A former hunting ranch, Brazos Bend State Park is about 28 miles southwest of Houston and covers roughly 5,000 acres. Its 3.2-mile eastern boundary fronts the Brazos River on the southeast border of Fort Bend County. The state purchased the park land in 1976-77. Brazos Bend opened in 1984.
Archeological materials show that prehistoric people visited this area, possibly as early as 300 B.C.
In early historical times, the Capoque band of the Karankawa Indians roamed between the mouth of the Brazos River and Galveston Bay. They may have traveled inland as far as Brazos Bend.
In the early 19th century, this area of Texas was the site of Stephen F. Austin's first colonial land grant from Mexico. Present park land was included in a grant to Abner Harris and partner William Barrett in 1827.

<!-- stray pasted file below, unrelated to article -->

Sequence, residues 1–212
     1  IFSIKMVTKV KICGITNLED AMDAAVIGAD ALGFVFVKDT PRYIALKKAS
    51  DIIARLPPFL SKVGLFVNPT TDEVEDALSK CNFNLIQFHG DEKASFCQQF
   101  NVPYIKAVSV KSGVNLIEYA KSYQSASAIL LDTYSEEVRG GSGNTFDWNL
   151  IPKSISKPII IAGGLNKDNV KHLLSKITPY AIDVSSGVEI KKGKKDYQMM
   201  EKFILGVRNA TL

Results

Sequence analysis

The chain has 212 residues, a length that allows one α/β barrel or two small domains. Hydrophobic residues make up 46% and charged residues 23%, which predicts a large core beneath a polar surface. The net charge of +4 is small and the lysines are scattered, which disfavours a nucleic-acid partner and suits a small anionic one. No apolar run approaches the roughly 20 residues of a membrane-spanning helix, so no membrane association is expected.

During the Texas Revolution, the Steamboat Yellowstone passed the park more than once on its route up the Brazos River to aid the Texian cause. Learn more at an exhibit on the Yellowstone Landing Trail.
Most of the riverfront was sold shortly after the revolution ended.
Cotton brokers from Brazoria held part of the park and 2,400 feet of river frontage in 1845, according to early records. The Brazos River was one of the principal routes of commerce at the time. The brokers may have used the area for a riverboat landing.
Recent landowners grazed cattle and grew pecans here. It also served as a private hunting and fishing preserve.
Learn more in the Interpretive Guide to Brazos Bend State Park.
Protect the past
Enjoy but do not disturb historical places. If you find an artifact, leave it in place and let park staff know.